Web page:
PS: How can the market miss-price so many billions of assets ? Disintermediation. This is what happened in the late 1970s to the S&L industry. Funding of long dated assets like CDO classes with short term deposits is a recipe for disaster and many banks, investment banks and hedge funds did that. And then the short term funding dries up. The institutions have to sell the long dated assets to someone at any price. But there are not enough patient buyers who can hold to maturity to realize the underlying value.

PS: When the rich panic, small mammals can be trampled in the stampede.

PPS: I have not and do not plan to sell my stocks. They are either 2 or the 3 the strongest banks or oils and miners with superlative cash flow.

P^3S: By the way, swaps - whether interest rate or credit - do not protect against disintermediation.

P^4S: And for these pundits talking about "guarantees" being a solution, how does that solve disintermediation ? I guess they are blinded by ideology.

Word of the Day

"Abreaction" - noun [$10]; "abreact" - verb, transitive [$10]
Abreaction mens (Psychology) the free expression and consequent release of a previously repressed emotion.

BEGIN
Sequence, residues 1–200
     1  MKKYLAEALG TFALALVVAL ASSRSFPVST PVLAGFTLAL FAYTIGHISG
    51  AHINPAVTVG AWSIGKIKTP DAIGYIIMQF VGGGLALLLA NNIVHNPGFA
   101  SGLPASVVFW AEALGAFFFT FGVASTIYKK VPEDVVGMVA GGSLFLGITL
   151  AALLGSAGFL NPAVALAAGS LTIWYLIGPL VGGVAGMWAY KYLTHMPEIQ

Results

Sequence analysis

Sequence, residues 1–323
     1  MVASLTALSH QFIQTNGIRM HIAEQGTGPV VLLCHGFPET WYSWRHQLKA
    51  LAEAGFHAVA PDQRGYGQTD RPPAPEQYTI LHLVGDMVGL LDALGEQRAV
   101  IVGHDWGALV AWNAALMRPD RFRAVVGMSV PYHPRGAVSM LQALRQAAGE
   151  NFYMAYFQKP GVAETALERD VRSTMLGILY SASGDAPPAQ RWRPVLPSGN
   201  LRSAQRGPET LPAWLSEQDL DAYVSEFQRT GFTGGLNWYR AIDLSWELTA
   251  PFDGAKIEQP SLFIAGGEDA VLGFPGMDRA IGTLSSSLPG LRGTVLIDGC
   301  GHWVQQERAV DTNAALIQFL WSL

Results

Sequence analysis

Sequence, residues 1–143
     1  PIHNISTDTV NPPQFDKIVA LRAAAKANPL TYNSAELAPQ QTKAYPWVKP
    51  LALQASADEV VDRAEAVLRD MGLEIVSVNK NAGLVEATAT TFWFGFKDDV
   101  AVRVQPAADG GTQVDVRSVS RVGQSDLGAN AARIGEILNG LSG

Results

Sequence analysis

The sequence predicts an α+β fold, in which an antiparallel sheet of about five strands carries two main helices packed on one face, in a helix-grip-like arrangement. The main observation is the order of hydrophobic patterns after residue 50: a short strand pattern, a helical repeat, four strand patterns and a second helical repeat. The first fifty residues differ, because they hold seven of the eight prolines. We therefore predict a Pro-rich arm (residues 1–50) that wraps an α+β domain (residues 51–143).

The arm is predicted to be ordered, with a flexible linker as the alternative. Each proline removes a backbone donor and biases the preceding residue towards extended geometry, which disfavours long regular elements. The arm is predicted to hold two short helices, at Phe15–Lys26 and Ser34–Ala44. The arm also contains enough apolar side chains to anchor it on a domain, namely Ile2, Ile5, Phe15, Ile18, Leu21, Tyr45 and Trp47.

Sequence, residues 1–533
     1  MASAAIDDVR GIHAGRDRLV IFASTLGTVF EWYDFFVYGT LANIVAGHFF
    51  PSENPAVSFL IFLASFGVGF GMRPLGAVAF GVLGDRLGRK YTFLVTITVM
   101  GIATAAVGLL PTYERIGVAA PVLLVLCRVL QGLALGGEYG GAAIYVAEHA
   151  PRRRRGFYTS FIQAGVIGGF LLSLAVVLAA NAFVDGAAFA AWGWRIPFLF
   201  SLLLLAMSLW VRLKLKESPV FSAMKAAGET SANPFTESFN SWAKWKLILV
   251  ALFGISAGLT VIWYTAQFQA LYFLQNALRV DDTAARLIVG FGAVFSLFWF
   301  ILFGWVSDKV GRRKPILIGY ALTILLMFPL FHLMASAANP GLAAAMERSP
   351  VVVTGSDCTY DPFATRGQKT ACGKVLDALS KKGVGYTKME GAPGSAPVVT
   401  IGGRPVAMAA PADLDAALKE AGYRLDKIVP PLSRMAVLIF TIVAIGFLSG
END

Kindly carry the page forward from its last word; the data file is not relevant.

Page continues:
Abreact means release (an emotion) by abreaction.
Sentence: If the Paulson plan collapses or is fatally corrupted by the knaves in Congress, the screeches of fear and panic as the market abreacts will be lifetime memories of the survivors. Bunkerman's memories of the crash on Black Monday in 1987 were seared into his brain and emotions. He survived then and will survive now. "Protect Yourself at All Times" is the watchword.

Thursday, September 25, 2008

Progress ...

No, I did not watch W's speech. From the clips, it was poor as usual. Saying he's no Ronald Reagan is like saying a Little League kid is no Babe Ruth. His explanations to Homo Boobus don't really work well, as he's Lord of the Boobs himself. I should be wearing a bag over my head for supporting him in 2000 vs. Big John. Ugh !